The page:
echo "The command-program 'ip' was found, using that to find the IPv4 address on the main network..."
                myip=`ip addr show | grep inet | grep brd | awk '{ print $2 }' | awk -F "/" '{ print $1 }'`
        elif [ -x "$(command -v ifconfig)" ]; then
                echo "The command-program 'ifconfig' was found, using that to find the IPv4 address on the main network..."
#                oldifconfig= `ifconfig | egrep "inet addr"`  #<-only valid syntax in some cases
                oldifconfig=$(ifconfig | grep "inet addr")
#                echo "oldifconfig" $oldifconfig "...banzai!!"
                if [ -n "$oldifconfig" ]; then
                        echo "Using old-school 'ifconfig' output ('inet addr ... Bcast ...') as the basis for parsing the IPv4 address..."
	                myip=`ifconfig | egrep "inet addr" | grep Bcast | awk '{ print $2 }' | awk -F ":" '{ print $2 }'`
                else
                        echo "Using new-school 'ifconfig' output ('inet ... broadcast ...') as the basis for parsing the IPv4 address..."
                        myip=`ifconfig | egrep "inet" | grep broadcast | awk '{ print $2 }'`
                fi
        else
                echo "You need either the command-program called 'ip', or at least the deprecated command-program 'ifconfig', in case you want to check the IP-address matches between what the network interface believes is this host's address, and what the ping of the hostname (mapped in /etc/hosts) brings back."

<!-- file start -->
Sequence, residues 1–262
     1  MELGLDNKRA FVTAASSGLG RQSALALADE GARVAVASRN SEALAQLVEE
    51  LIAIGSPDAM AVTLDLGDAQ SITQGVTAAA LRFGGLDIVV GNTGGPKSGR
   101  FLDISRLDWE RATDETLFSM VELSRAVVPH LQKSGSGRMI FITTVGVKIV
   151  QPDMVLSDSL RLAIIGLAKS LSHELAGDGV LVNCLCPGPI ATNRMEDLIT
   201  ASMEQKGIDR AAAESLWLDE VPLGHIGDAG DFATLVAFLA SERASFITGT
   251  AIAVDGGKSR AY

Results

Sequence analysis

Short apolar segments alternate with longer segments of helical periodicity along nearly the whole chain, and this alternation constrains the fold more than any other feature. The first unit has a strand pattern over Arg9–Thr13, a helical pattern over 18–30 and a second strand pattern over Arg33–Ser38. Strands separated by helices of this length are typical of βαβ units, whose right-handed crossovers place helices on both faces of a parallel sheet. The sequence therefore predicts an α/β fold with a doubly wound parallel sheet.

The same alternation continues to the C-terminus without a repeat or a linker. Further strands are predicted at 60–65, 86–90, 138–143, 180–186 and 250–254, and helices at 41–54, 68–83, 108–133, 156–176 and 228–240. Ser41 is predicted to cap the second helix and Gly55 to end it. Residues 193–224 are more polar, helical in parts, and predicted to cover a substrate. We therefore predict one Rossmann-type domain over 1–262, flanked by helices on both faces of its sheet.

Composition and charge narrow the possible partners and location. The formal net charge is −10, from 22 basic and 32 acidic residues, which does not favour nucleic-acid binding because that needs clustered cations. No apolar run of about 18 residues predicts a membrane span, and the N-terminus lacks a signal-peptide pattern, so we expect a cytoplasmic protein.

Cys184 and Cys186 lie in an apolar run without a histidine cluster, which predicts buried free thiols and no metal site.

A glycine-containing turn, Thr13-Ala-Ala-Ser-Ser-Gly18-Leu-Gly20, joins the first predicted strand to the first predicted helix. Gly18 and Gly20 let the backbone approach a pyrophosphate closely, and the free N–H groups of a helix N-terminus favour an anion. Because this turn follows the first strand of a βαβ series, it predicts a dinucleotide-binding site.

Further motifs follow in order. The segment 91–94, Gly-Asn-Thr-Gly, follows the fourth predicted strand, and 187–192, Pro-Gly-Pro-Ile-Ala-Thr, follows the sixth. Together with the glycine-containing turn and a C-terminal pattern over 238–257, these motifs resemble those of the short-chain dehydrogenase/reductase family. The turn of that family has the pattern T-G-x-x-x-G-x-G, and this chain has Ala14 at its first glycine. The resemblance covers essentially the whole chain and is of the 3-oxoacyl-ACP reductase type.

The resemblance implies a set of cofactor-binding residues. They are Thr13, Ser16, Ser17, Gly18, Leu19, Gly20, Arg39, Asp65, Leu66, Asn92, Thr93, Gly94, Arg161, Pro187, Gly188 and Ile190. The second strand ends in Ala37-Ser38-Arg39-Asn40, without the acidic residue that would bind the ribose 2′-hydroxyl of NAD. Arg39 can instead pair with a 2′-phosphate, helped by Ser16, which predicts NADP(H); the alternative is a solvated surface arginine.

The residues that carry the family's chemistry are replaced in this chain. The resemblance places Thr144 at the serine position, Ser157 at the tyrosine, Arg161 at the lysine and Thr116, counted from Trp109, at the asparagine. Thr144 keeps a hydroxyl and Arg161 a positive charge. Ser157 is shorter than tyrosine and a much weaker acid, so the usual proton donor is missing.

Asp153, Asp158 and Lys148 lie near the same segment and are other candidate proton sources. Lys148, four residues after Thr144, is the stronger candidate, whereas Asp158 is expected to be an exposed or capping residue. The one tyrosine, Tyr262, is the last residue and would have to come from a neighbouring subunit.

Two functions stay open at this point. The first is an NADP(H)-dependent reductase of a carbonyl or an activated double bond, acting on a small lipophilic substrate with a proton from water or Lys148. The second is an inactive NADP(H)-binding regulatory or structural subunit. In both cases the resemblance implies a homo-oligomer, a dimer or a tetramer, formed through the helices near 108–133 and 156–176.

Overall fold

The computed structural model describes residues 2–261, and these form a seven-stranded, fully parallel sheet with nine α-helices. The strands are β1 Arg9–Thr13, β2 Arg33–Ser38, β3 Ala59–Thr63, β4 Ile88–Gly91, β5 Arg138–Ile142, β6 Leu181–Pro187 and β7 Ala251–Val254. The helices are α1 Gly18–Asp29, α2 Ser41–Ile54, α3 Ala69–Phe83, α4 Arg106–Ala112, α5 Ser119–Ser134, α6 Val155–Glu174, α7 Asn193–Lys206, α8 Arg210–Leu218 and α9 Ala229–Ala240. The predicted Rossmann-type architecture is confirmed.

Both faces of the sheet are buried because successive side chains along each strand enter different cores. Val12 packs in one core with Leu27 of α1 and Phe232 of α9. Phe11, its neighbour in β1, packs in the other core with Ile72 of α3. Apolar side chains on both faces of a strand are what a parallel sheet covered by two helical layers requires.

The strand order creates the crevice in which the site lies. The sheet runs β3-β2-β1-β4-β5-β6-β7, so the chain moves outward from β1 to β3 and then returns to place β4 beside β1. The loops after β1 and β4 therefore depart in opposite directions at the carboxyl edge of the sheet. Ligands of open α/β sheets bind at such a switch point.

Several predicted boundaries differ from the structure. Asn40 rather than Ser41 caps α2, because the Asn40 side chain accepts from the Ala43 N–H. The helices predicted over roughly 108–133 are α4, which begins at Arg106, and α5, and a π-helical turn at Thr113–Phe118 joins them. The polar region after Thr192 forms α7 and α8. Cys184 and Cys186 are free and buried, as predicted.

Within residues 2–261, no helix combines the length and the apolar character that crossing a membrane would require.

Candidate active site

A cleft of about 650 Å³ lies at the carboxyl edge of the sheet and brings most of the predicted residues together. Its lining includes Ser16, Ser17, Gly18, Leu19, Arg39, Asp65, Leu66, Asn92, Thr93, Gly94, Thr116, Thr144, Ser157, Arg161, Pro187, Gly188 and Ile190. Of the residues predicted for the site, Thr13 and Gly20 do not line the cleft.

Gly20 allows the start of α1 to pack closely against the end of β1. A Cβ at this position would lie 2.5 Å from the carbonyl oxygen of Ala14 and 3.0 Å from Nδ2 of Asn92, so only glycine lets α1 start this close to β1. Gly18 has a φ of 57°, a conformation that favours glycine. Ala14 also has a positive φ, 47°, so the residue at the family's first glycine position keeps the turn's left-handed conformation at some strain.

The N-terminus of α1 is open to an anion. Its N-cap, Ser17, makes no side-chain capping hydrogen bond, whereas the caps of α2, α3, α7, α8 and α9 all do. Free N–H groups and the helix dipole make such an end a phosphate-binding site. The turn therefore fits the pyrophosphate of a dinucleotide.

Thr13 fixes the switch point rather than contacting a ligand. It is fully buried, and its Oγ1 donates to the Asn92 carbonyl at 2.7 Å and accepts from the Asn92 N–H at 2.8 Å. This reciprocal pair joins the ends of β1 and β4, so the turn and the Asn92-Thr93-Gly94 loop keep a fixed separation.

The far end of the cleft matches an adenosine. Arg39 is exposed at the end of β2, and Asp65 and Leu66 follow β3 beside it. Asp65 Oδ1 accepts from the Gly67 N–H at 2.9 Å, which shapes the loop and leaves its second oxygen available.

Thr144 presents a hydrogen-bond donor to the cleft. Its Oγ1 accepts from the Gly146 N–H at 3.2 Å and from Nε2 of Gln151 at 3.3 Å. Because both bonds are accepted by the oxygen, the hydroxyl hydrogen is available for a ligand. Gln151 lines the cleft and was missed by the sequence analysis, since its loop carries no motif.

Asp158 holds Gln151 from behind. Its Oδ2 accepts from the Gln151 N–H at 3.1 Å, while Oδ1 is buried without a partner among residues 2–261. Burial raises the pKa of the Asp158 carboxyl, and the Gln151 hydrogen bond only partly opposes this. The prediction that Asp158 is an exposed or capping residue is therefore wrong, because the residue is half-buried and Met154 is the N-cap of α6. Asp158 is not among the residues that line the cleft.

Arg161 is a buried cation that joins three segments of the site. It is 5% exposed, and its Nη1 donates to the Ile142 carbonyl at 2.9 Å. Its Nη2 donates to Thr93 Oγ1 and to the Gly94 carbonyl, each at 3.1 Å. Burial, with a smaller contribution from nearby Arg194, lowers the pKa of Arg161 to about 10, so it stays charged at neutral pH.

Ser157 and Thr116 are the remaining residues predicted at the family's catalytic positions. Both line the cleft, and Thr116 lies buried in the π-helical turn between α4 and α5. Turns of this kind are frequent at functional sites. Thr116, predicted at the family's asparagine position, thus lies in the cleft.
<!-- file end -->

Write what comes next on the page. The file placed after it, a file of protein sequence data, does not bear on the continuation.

echo "In SUSE distros, you can install 'ifconfig' using: 'sudo zypper install net-tools-deprecated'"
                echo "In Ubuntu, you can install 'ifconfig' using: 'sudo apt install net-tools'"
                exit 1
        fi
#  marmot: EndOf change-2018-06-10-001 ##########

Have a nice day now everyone!

 

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5 Comments

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    1. dylan drummond Post author

      Hello,

      no worries, good if it helps yous.

      Option 3 makes the most sense yes… the ip-tool has been around for some time, so there should not be any backward compatibility issues e.g. with Leap 42 or Ubuntu 14 or whatever.

      -dylan

      (0) 
      1. Manfred Stein

        Hi Dylan

        We are approaching beta testing for the 7.52 version, due to missing certification for SLES15, we will most likely create guides based on older distribution versions, but let us see. Are you interested to participate as beta tester?

        Greetings

        Manfred

        (0)